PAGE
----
November 17, 2017 by
Photography by Bill Sitzmann

Colleen Ramsey has always written what she knows: love, adoption, grief, and—more recently—aging.

“I have to feel something,” Ramsey says. “I have to have some emotion connected with it.”

At 85, Ramsey has self-published more than two dozen books. While most are shared with her friends and family, some are recommended reading for adoptive families at Catholic Charities and for grieving adults at Heafey Hoffmann Dworak Cutler Mortuaries.

Ramsey became a writer out of necessity. She battled depression in her early days of motherhood. Her psychologist prescribed writing. He told her to get up an hour early and write, write anything, even if it was just her name for an hour.

Though she was not a natural-born writer, she wrote. On her second day, she started jotting down things that were bugging her—and the words overflowed.

In her Ralston home, over hot tea, Ramsey recalls what writer Anna Quindlen wrote in a 2007 essay: “Writing is not just a legacy, but therapy. In the end, writers will write mainly to save themselves, to survive as individuals.

Eventually, she decided her stories needed to be told. She and her husband had five teenagers, all adopted, under their roof, and her first book, We Touch Each Other’s Lives, deals with issues of adoption and family.

Her kids did not know where they came from because in those days adoption was kept secret.

“I wanted to give them their story,” she says, even when some of those stories involved seeking out birth parents.

It was an account of adoption from an angle that doesn’t often get told: the adoptive parent’s perspective. Catholic Charities has, with permission, reprinted and distributed We Touch Each Other’s Lives to families for 19 years.

“Colleen is a wonder,” says Sue Malloy, family services program director at Catholic Charities of Omaha. “She gives a voice to so many things that are a part of the adoption journey for people. She has a perspective unlike many other people. She just has this incredible intuition about the adoption journey.”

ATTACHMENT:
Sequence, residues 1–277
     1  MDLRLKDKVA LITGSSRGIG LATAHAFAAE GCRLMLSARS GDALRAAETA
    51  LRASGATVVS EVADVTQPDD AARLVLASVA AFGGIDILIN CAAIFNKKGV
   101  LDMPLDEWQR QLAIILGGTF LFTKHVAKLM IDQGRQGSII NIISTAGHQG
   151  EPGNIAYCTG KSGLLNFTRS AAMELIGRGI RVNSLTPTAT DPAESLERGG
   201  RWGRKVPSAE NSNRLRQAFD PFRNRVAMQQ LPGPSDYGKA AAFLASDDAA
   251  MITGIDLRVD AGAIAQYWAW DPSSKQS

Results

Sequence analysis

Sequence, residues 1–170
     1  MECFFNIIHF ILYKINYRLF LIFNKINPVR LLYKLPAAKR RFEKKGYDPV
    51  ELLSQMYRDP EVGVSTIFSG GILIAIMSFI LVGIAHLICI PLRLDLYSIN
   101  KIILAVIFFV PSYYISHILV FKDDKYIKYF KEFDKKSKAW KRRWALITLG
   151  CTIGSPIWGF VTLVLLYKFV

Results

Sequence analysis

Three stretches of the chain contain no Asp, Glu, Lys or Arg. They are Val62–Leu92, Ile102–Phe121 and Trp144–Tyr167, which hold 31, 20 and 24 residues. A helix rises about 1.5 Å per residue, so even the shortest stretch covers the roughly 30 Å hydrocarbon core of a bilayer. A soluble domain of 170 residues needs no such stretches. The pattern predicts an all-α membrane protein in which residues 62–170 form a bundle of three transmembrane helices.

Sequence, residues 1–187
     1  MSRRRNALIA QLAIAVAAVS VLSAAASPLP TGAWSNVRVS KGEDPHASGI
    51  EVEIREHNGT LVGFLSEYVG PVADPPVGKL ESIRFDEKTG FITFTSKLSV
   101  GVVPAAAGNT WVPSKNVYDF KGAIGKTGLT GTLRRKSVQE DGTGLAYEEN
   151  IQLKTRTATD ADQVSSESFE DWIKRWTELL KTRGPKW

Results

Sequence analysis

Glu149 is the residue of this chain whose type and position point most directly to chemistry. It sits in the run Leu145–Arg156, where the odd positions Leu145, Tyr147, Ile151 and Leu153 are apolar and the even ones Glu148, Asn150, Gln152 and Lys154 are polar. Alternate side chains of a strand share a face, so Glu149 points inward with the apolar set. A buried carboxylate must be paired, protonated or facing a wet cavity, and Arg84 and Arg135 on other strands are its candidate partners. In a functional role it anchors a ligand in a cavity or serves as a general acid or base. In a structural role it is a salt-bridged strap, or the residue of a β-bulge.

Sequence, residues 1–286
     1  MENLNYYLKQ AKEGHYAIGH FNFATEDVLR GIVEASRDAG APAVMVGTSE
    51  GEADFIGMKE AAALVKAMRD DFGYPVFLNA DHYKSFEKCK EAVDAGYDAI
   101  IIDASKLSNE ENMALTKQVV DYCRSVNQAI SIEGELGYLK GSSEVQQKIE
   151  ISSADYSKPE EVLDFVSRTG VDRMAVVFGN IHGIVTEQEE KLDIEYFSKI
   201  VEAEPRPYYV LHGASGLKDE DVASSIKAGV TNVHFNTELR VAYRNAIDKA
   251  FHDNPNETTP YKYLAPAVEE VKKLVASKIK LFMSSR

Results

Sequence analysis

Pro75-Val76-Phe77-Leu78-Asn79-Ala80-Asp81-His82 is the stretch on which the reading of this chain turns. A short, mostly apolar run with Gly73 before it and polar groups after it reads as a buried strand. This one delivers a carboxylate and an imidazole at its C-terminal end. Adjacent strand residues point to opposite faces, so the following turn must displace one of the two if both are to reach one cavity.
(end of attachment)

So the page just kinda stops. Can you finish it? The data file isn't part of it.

When her husband, Bob, passed away in 2005, Ramsey turned to writing again. This time to process her grief. Those were the hardest books to write, but also the most helpful for her.

Sharon Zehnder, director of aftercare at Heafey Hoffmann Dworak Cutler Mortuaries, keeps Ramsey’s writing on grief in the mortuary’s support group library and shares passages on the mortuary’s website. Zehnder says Ramsey’s words are extremely relatable to people.

“They can identify with so much that she has written,” Zehnder says.

Her writing has helped others, and for that, she’s grateful. “I like to share what’s helped me,” Ramsey says.

Since writing We Touch Each Other’s Lives, Ramsey has penned her memories of growing up in the 1930s and through World War II, discussed prayer in her writing, and written books for each of her grandchildren. She types all her books, searches through family photos for illustrations, and then begins the time-consuming process of printing her books at home, placing photos on pages gently with tape, and then binding them herself.

There may be easier ways to do it, but this is the “write” way for Ramsey.

This article is printed in the November/December 2017 issue of 60 Plus.